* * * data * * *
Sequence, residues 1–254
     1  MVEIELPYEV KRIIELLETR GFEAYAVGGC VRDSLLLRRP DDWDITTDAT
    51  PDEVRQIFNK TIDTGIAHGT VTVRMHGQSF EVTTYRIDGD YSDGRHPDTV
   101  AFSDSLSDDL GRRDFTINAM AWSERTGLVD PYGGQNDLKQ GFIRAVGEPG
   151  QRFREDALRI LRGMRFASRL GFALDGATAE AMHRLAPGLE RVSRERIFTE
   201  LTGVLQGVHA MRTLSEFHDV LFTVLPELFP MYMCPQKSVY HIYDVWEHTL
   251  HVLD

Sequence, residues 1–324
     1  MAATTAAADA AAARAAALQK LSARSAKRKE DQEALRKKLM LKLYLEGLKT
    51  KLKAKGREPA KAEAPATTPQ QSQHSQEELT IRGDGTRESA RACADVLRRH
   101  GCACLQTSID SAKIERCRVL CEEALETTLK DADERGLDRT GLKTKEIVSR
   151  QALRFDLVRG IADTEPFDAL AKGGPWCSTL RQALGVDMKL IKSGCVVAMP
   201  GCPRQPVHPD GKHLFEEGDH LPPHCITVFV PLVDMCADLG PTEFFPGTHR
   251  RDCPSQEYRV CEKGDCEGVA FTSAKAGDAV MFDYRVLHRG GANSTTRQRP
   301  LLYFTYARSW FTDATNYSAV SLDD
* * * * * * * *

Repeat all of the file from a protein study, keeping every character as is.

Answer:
Sequence, residues 1–254
     1  MVEIELPYEV KRIIELLETR GFEAYAVGGC VRDSLLLRRP DDWDITTDAT
    51  PDEVRQIFNK TIDTGIAHGT VTVRMHGQSF EVTTYRIDGD YSDGRHPDTV
   101  AFSDSLSDDL GRRDFTINAM AWSERTGLVD PYGGQNDLKQ GFIRAVGEPG
   151  QRFREDALRI LRGMRFASRL GFALDGATAE AMHRLAPGLE RVSRERIFTE
   201  LTGVLQGVHA MRTLSEFHDV LFTVLPELFP MYMCPQKSVY HIYDVWEHTL
   251  HVLD

Sequence, residues 1–324
     1  MAATTAAADA AAARAAALQK LSARSAKRKE DQEALRKKLM LKLYLEGLKT
    51  KLKAKGREPA KAEAPATTPQ QSQHSQEELT IRGDGTRESA RACADVLRRH
   101  GCACLQTSID SAKIERCRVL CEEALETTLK DADERGLDRT GLKTKEIVSR
   151  QALRFDLVRG IADTEPFDAL AKGGPWCSTL RQALGVDMKL IKSGCVVAMP
   201  GCPRQPVHPD GKHLFEEGDH LPPHCITVFV PLVDMCADLG PTEFFPGTHR
   251  RDCPSQEYRV CEKGDCEGVA FTSAKAGDAV MFDYRVLHRG GANSTTRQRP
   301  LLYFTYARSW FTDATNYSAV SLDD